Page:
Magazine article The American Conservative

From Chapels to Condos: Is There Still Room for the Sacred in the City?

Magazine article The American Conservative

From Chapels to Condos: Is There Still Room for the Sacred in the City?

Article excerpt

At night it stands a silent and dark shadow against the glittering lights of Boston's Back Bay, the only sound the almost riparian traffic on the Massachusetts Turnpike. Yet step closer and one sees that the edifice is not merely vacant, but hollow--a Gothic Revival skeleton that has given up the ghost.

This was the Roman Catholic Holy Trinity Church in the South End. It was closed amid controversy and in 2008, the Archdiocese of Boston sold it to developers who planned to remake it into 33 luxury condominiums. Renderings show a gutted interior with a modernist glass and steel structure erupting out of the stonework like a skin disease.

The initial controversy was about more than an historic loss: a Traditional Latin Mass community was displaced, and there was a perception that the archdiocese wanted to sell valuable land to pay legal costs related to the sex-abuse scandal of the time.

But the closure of historic urban houses of worship has as much to do with demographic trends originating decades ago--and the challenges of maintaining a building after decades of deferred maintenance--as it did with any scandal or decline in attendance.

Churches are intimately tied to their neighborhoods, especially in areas built before mass automobile ownership. In America's cities, these ties often remain. In the 19th century, the connection was even more pronounced, as people of similar ethnic and religious backgrounds settled together for mutual aid and protection in a challenging, sometimes corrupt and hostile, urban environment.

The ethnic parishes of Catholic immigrants, for example, formed a nucleus where the traditions of the old country were passed down. The younger generation was discouraged from intermarriage, and old languages were preserved, in some cases into the 21st century. Parishioners, suspicious of public education in a Protestant country, formed their own schools and started societies to promote temperance, provide medical care, and pay for funerals and pensions for widows and orphans. The first credit union in the United States, St. Mary's Bank in Manchester, N.H., was organized by a Catholic parish priest.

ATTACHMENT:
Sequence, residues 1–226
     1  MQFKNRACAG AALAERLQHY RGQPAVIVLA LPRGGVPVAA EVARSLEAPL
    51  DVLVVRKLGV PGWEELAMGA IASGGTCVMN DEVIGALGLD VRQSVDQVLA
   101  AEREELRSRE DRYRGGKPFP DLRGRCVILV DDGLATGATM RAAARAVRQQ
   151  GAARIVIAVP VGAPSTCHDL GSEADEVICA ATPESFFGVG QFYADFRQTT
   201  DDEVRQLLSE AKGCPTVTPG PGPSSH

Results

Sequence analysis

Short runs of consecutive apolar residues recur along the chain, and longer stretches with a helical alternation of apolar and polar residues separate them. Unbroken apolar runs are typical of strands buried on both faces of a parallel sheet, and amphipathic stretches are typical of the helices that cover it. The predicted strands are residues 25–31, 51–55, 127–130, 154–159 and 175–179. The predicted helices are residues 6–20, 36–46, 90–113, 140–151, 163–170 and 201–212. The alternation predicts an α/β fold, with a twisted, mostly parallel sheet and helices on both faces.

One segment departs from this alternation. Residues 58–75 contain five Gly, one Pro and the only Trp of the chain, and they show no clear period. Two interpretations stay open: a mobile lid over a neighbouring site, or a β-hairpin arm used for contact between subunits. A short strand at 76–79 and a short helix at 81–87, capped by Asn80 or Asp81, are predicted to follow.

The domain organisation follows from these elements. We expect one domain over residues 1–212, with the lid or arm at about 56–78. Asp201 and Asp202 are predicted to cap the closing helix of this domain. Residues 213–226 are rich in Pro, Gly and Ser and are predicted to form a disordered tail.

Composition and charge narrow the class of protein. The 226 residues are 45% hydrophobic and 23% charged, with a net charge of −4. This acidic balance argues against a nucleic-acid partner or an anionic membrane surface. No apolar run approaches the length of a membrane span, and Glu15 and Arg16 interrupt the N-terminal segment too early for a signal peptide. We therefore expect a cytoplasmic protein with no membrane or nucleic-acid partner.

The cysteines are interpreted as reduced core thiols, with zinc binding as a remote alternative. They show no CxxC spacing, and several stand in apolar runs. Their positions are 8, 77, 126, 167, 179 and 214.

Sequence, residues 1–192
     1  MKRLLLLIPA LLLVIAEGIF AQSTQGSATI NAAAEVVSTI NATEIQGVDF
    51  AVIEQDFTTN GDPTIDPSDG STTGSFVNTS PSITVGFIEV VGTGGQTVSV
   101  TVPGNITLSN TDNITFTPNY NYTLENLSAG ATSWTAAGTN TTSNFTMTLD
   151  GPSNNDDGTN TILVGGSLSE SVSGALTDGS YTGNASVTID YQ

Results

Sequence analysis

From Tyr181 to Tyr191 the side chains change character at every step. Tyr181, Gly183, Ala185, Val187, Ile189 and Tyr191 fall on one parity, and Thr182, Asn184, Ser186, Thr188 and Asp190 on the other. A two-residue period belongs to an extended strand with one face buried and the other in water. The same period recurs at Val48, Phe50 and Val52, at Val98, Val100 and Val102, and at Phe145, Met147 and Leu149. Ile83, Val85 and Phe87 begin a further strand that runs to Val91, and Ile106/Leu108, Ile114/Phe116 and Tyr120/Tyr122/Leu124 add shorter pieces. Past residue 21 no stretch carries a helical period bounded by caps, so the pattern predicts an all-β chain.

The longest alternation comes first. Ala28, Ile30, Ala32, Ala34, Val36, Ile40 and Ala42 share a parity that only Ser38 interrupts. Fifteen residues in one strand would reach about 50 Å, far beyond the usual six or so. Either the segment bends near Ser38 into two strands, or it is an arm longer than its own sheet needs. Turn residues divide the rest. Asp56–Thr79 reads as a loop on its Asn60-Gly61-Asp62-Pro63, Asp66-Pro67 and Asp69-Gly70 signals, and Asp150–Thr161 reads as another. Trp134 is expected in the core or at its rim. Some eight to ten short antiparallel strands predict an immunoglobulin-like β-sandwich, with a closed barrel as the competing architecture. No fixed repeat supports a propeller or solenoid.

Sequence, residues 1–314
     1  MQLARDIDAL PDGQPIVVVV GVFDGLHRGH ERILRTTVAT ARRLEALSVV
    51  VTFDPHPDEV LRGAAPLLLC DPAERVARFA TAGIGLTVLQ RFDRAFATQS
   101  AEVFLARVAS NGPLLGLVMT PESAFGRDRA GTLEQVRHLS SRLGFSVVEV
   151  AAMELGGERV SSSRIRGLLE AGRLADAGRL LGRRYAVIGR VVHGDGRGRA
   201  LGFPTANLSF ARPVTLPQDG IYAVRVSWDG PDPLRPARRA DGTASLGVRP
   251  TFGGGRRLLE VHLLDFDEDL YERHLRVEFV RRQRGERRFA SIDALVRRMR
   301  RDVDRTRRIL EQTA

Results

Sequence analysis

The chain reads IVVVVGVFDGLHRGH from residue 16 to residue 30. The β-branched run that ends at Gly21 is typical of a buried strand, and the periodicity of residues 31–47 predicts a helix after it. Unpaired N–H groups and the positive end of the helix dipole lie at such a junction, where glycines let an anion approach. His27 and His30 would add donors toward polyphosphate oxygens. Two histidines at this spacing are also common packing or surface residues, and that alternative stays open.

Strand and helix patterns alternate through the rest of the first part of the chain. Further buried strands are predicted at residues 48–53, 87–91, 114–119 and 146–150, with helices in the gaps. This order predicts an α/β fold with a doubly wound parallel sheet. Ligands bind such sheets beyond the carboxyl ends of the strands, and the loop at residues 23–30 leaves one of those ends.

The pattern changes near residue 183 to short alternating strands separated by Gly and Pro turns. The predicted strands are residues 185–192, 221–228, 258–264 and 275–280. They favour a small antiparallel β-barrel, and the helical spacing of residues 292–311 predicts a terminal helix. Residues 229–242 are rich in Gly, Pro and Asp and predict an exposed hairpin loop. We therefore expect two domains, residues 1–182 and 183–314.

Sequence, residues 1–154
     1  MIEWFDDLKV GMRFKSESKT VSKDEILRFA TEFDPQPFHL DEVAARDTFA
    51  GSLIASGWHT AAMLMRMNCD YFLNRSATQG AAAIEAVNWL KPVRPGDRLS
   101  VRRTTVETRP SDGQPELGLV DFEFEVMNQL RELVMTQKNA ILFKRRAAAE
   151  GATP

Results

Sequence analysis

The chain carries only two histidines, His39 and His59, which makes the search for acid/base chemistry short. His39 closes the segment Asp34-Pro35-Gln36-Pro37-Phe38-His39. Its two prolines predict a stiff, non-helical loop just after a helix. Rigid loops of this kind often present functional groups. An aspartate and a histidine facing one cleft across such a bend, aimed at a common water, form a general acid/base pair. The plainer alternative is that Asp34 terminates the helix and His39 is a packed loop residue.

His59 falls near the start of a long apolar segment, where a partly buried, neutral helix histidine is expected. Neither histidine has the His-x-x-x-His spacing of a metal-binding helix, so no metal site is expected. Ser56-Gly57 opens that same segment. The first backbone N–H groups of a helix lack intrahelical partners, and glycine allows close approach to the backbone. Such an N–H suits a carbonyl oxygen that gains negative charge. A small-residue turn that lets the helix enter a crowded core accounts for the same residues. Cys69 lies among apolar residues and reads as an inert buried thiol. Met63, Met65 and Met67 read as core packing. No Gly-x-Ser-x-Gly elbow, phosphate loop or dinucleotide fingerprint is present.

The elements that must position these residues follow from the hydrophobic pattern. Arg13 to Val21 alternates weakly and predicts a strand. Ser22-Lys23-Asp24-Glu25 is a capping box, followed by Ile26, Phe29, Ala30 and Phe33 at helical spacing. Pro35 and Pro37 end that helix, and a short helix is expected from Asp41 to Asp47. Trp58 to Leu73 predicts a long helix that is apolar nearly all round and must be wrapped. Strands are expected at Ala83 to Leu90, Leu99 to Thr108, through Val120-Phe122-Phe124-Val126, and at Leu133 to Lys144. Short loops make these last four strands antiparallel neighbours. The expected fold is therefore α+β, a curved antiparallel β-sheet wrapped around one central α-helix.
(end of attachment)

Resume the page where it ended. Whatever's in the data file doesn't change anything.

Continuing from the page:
Holy Trinity was no different. The first parochial school in New England was organized by the parish, said church historian Robert Sauer, while German immigrants who heard Holy Mass there brought Christmas trees and cards to America and helped found the Boston Symphony Orchestra. Over its 164 years of existence, parishioners organized 22 religious sodalities and confraternities, an orphanage and old people's home, charities devoted to the poor, Catholic missions around the world, and relief for the people of Germany and Austria after World War II.

Today, according to the nonprofit Partners for Sacred Places, churches and religious buildings of all faiths continue to have an economic impact on their neighborhoods. Their research found that almost all have some sort of community-service programs, and most have at least four running concurrently. The same study estimated that in Philadelphia alone religious congregations contribute over $100 million to their community annually--about $144,000 per congregation. Most of that comes from measuring volunteer time as though it were paid labor, but they also provide space, staff, and direct financial support to neighborhood services. Sixty percent of churches surveyed had food pantries, and nearly as many hosted music performances and clothing donations. Over 40 percent had soup kitchens.

While these activities can result in some sidewalk presence, contributing to neighborhood vitality and putting eyes on the street, churches interact with their neighborhoods differently than shops, restaurants, and residences.

"They give a sense of refuge or respite," said Sara Joy Proppe, founder of the Proximity Project, a Minnesota group that seeks to involve congregations in urban planning. She said that a research agency, the Barna Group, found that while millennials say they go to suburban megachurches for anonymity, many are also drawn to older churches. …

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